What is your memory of Hallelujah, Baby!? (1967)

Having Jule Styne sit down with me at the piano playing and teaching me the songs. It was just extraordinary, and then to have Comden and Green come into the room and do the same thing...working with people who were legendary in the theatre and here I was sitting there and they're helping me rehearse.

And now you're legendary yourself!

Ah, thank you!

How did you enjoy doing On Golden Pond? (2005)

That was great, and it 's interesting, because that was something that wasn't planned. In fact, that's another thing with this show (Uptown Downtown), is that most of the stuff that I have done in my life was not planned. Things always come to me from around different corners. What was supposed to be a reading kind of thing that James (Earl Jones) was going to do with Diahann Carroll. It kind of grew and she had had back trouble and had to bow out. I had a week to learn this whole thing and open at the Kennedy Center. I didn't have time to sit there and go, "Oh my God, I'm working with James Earl Jones." I really had to focus, which was great. It was like taking a master class onstage with him every night. I just loved it. He's the dearest, dearest man. When you work with that kind of calibre artist, it makes you raise your own bar. My career's been like that, working with people like Carol Channing (Jerry's Girls), people like that who are amazing and it makes your game even better.

Who is your favorite composer?

I have so, so many. Of course, Jerry Herman. My national anthem has become "If He Walked Into My Life". I also love Harold Arlen, any Gershwin music, Beatles songs. Usually anything that I sing in my show, the composer speaks to me. Even Irving Drake; I do a song of Irving Drake. I pick classy people. Music that has lyrics that say something.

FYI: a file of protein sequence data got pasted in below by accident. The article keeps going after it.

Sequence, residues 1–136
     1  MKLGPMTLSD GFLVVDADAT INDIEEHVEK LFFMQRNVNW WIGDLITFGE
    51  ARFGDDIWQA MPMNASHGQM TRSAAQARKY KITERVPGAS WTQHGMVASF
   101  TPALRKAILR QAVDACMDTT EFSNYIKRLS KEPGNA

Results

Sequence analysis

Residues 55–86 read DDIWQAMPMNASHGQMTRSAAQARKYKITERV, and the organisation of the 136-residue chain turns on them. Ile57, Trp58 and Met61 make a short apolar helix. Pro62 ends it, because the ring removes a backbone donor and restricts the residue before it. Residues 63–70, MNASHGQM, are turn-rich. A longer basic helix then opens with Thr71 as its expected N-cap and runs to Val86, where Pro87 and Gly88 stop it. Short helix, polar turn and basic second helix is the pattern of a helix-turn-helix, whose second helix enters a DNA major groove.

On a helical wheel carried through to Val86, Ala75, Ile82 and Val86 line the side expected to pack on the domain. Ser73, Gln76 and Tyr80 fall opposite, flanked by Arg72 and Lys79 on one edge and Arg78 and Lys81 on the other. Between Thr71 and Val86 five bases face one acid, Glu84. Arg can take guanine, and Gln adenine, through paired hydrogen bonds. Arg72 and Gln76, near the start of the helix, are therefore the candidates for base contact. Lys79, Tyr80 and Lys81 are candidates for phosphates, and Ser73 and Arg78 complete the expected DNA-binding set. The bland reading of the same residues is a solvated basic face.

What is your all time favorite Broadway show. whether you've don it or not?

Recently, I've done... twice... Hello Dolly! I had a ball doing that show, and that was a show I never thought about doing. Jerry (Herman) has written some great music and it's so funny. It's a classic. I would love to do that on Broadway. It's a great one and sends so many different messages.

Do you have any favorite musical artists from amongst the newer crop? 

I love Beyonce, and I also love Christine Aguilera. She can sing her butt off. She can sing anything. I've seen her with Herbie Hancock singing standards, and then she gets up there and sings her rock and roll at the same time.

If a young aspiring actor came up to you and asked for advice on how to become a big Broadway star, what would you say?

Well, first of all, I would say that if you're in it to become a big Broadway star, you're in it for the wrong reasons. You have to love the theatre, love the work. That will come if you're true to what you're doing. And I believe it's studying your craft. So many young people really don't know their craft. Go to a Stella Adler school or the Actor's Studio because it teaches you how to dig deeply into what you are doing. And also voice lessons. In theatre, you have to sustain it eight shows a week. A lot of times, these kids are great for two shows and then they're out. So I would say, learn your craft! Anything that you can possibly be in, do it! That's how you learn.

 Thank you so much. I am so looking forward to Uptown Downtown.

Thank you! You're going to have a good time.

The lady herself guarantees a good time, so you cannot afford to miss the one and only Leslie Uggams in Uptown Downtown @ the Pasadena Playhouse opening November 19 and playing until December 12. Get tix early!